The 4 Best Treatments for Restless Legs Syndrome
When kids have the urge to move all the time, it’s funny and cute. As an adult, if you can’t stop moving your legs, there’s a problem.
Most people with RLS experience their symptoms in the evenings or at night. Sitting and lying down aggravate the nerves that cause RLS, and only movement makes the feeling go away for a little while.
RLS can affect anyone, no matter how old they are, but it usually gets worse with age. People who suffer from this disease have trouble sleeping through the night, are irritable from lack of rest, and struggle with getting through their day.
It could mean you have restless legs syndrome (RLS). The condition gets its name from the uncontrollable need to adjust your legs, usually because you feel uncomfortable or are in pain.
With a few of these treatments, RLS doesn’t have to control your life. From medications to self-care, you can get relief.
1. Check Your Current Med List
Before you do anything else, let’s see if your RLS has an easy fix. Sometimes, the problem is caused by a medication or something else you’re taking.
Pull out your medication list and start Googling the side effects (or use the pharmacy-provided paper if you saved it). Certain prescriptions are known for causing symptoms similar to RLS, such as:
- Antidepressants in the tricyclic category
- Antinausea drugs
- Selective serotonin reuptake inhibitors (SSRIs)
If you’re on any of these or another med with restless legs as a listed side effect, talk to your doctor. The medication could be making your RLS worse, or it could be the reason you have it in the first place.
2. Quit Unhealthy Habits
The better your diet and overall health are, the easier it is to manage your symptoms.
For instance, if you smoke or use illicit drugs, they tend to aggravate RLS. Go a few days without whatever your habit is if you can, and see if your symptoms improve.
Caffeine and alcohol make RLS symptoms worse, too. Caffeine is a common stimulant, so drinking too much close to bedtime interferes with sleep to begin with. Add in the trouble of RLS, and it’s a recipe for a rough night.
Alcohol is another thing to avoid. It’ll help you fall asleep, but it also wakes you up in the middle of the night. When it does, your restless legs will kick in and keep you from getting back to sleep.
3. Try Medical Marijuana
A little cannabis in your system before bed can put those moving legs to rest for a change.
Studies show that chronic cannabis users with a history of RLS have fewer symptoms than those who don’t partake. Scientists think there’s a link between the cannabis neurotransmitter system and the body’s method of transmitting dopamine.
If your brain can release dopamine, it can control your movements. But too much of this hormone makes the neural activity go wild, and restless legs are a result.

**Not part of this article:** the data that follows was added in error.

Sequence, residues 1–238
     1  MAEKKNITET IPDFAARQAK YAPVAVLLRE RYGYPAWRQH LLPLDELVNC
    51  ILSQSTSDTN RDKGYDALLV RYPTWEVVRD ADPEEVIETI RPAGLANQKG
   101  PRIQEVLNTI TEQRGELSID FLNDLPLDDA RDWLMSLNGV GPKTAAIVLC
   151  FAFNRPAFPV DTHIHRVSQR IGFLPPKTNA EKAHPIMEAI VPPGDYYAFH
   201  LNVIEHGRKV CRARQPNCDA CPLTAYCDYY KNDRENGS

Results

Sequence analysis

Cannabis helps balance the production of dopamine, letting your brain keep control of your body.
Want to try medical marijuana without the side effects of smoking? You still have lots of options! Edibles, topicals, oils, tinctures, and concentrates give you the benefits of cannabis, too.
4. Balance Your Vitamins
When was the last time you had your blood work checked? Vitamin or mineral deficiencies could be the cause of your increased RLS symptoms.
In fact, one of the number one causes of RLS is iron deficiency. Adding iron supplements to your daily routine can boost your levels and decrease the severity of RLS. Iron levels that are dangerously low may need IV iron infusions.
Vitamins and RLS
Vitamin D deficiency is another trigger for RLS symptoms. Millions of people aren’t getting enough of this vitamin in their day, but for people with RLS, the effects are worse.
We’re supposed to be able to absorb Vitamin D through the sun and our diet, but it’s not quite that easy. Most of us work or go to school when the sun is shining, and our meals aren’t always balanced.
You can add Vitamin D supplements to your day to help increase your levels.
While you’re at it, check your Vitamins C and E, too. These vitamins boost your energy and immune system and have been linked with decreased RLS symptoms.
When you’re dealing with restless legs syndrome, you know that what sounds like an annoying problem can become dangerous. Without sleep, the rest of your body isn’t getting the relief it needs to repair muscles and get rid of the toxins that built up that day.
All of these factors work together to cause you to suffer from more than irritating legs that won’t stay still. But with these simple treatments, you can take control of your body again.